E-Prime uses the property GeneratePreRun to determine when media files are loaded. This feature, which is available on all RteRunnableInput objects (i.e. Text, Slide, ImageDisplay, MovieDisplay, SoundOut) enables you to direct the time-consuming process of loading of a stimulus file from disk into memory to occur prior to the critical timing sequence in the trial. To do so, GeneratePreRun should be set to “TopOfProcedure”, which is the default value. With this setting, E-Run will load any sound, graphics, or movie files that are set from an attribute before the object which is presenting the media file begins to execute. More specifically, the <object>.Load method is placed in the Procedure_Start section of script, prior to the start of the object execution. This is illustrated in Figure 3 below, left hand panel.
Conversely, when GeneratePreRun is set to “BeforeObjectRun”, the <object>.Load method is placed directly before the <object>.Run call. As a result, the media file will not load until the object’s .Run method is called. In this case, the time required to load the media file is reflected in the object’s OnsetDelay.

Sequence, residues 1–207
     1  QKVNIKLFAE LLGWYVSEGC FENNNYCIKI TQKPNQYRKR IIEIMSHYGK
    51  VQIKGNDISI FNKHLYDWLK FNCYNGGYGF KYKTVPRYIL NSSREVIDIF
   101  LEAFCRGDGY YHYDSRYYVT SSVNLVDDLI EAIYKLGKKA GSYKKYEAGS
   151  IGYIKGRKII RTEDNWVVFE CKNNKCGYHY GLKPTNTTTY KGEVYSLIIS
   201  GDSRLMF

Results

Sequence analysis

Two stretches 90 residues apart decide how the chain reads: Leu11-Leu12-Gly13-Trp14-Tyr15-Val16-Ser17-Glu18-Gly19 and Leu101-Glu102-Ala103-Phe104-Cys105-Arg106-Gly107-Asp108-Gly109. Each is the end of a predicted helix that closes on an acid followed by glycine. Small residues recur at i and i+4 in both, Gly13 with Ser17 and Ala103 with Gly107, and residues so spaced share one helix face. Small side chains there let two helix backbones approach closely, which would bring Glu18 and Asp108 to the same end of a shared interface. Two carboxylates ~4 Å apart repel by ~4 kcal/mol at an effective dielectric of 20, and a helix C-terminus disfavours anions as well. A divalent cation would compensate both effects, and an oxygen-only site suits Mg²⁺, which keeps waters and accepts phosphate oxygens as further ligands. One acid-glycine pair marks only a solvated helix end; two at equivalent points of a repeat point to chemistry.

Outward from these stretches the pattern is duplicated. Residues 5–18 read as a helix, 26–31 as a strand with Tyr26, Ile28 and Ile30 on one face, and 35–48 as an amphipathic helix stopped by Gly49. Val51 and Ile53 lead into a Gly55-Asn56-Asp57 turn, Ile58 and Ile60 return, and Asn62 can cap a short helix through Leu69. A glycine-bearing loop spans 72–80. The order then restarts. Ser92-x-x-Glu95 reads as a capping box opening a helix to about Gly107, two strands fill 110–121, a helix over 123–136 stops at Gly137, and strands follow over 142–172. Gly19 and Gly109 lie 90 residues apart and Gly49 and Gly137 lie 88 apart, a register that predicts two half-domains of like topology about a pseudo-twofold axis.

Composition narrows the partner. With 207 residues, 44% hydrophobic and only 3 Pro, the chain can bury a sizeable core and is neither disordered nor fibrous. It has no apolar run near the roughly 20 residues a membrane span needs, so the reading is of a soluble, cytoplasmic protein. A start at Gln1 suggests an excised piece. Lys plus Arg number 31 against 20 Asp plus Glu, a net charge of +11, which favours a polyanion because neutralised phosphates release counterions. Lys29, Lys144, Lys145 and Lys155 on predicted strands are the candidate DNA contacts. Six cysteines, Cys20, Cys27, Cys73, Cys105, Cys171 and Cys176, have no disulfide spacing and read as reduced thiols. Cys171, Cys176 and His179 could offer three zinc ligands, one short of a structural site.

The GeneratePostRun feature is the mirror/opposite effect, but is not currently utilized by any Toolbox objects in E-Prime. GeneratePostRun is made available for PackageCalls when necessary.
NOTE: When using the TopOfProcedure GeneratePreRun option, take care when using [attrib]references for any properties on the objects that are modified by c.SetAttrib calls on the Procedure. Doing so will successfully update the value of the attribute in the Context, via InLine objects on the Procedure but since the object has already performed its .Load operation, it will not take into account for the new value.
Stimulus Preparation Solutions
- DO use GenerateTopOfProcedure where possible to enable media files to be loaded during the non-critical timing inter-trial interval.
- DO use PreRelease same as duration except when it would be an issue.